Adult social care accounts for £1.8bn of councils’ yearly spending pressures, report suggests
A new report from the lnstitute for Fiscal Studies (IFS) has explored how the coronavirus pandemic has affected, and will continue to affect, councils’ budgets across England in 2020-21, and what the implications for future funding policy might be.
The report – ‘COVID-19 and English council funding: how are budgets being hit in 2020–21?’ – emphasises that councils in England have had to increase their spending while simultaneously reduce incomes as a result of the coronavirus crisis. For instance, councils have had to spend more on personal protective equipment (PPE), while taking on additional responsibilities like helping with testing and tracing.
Furthermore, the IFS says that the wider economic effects of the coronavirus pandemic are hitting councils’ various income sources to different extents as households and businesses radically change their behaviour and struggle to pay tax bills, rents and service charges.
Taking these factors into consideration, the new report explores: the scale and nature of forecast impacts on spending and income from sales, fees and charges (SFCs) and commercial and other sources; how impacts may vary across council types, regions and council characteristics; what financial resources councils have, either from central government or in the form of reserves; and the implications for future funding policy.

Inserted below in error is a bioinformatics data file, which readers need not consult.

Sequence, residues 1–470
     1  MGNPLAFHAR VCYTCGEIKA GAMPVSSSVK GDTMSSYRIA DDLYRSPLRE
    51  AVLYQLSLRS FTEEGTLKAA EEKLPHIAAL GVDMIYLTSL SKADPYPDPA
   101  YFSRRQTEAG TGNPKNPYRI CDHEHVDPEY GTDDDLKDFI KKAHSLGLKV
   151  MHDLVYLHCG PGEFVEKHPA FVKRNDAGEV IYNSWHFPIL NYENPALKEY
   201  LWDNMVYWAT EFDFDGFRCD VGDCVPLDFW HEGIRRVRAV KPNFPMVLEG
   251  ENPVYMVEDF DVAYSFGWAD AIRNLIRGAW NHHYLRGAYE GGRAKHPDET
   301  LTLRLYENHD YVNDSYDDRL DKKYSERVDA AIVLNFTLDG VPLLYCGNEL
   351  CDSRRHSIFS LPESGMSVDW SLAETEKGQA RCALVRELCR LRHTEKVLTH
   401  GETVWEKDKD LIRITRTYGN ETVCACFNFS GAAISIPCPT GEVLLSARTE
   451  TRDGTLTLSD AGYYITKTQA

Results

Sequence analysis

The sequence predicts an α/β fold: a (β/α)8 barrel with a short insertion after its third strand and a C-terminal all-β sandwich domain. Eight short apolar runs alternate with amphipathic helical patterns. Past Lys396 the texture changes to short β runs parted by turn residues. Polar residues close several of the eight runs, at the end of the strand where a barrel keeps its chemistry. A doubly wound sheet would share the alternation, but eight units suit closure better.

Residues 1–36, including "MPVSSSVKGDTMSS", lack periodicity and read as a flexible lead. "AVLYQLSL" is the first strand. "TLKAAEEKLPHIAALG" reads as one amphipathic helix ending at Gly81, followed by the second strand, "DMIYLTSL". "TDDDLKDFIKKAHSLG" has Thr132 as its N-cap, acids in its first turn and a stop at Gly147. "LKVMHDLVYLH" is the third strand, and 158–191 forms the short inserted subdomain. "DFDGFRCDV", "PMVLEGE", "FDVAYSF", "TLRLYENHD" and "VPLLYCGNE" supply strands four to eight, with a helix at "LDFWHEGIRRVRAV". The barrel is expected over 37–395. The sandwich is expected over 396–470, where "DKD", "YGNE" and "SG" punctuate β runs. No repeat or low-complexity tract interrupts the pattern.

Whilst the report is designed to provide some insight into how councils’ budgets are being hit due to the pandemic, the IFS emphasises that forecast spending and income is difficult to predict due the current uncertainties.
“This means estimates are subject to potentially significant margins of error, which we can only partially address via robustness and sensitivity checks,” the institute explains.
Adult social care
Councils forecast spending pressures of £4.4 billion and non-tax income pressures of £2.8 billion, which equates to a financial hit of 13 percent of pre-crisis expenditure, the report shows.
Additionally, councils remarked that adult social care accounts for £1.8 billion of these spending pressures. This, in part, could be down to more people living longer with more complex, long-term health conditions, meaning they might need costly housing adaptations or care packages to enable them to remain independent at home, for instance.
Recently, the Local Government Association (LGA) reported that based on current spending on adult social care services, a UK funding gap of £18 billion will open up by 2030/31. As a result, the association is calling on the UK Government to urgently find a sustainable, long-term solution to tackle the social care “funding crisis”.
These combined findings suggest that an appropriate solution is urgently needed to tackle the adult social care funding gap to ensure that councils can cope with the increasing demand and people can continue to receive the vital care they need.
Furthermore, the report estimates that roughly 41 percent of the spending pressures (£1.8 billion) faced by councils and 45 percent of the income pressures (£1.3 billion) have taken place between April and June (Q1).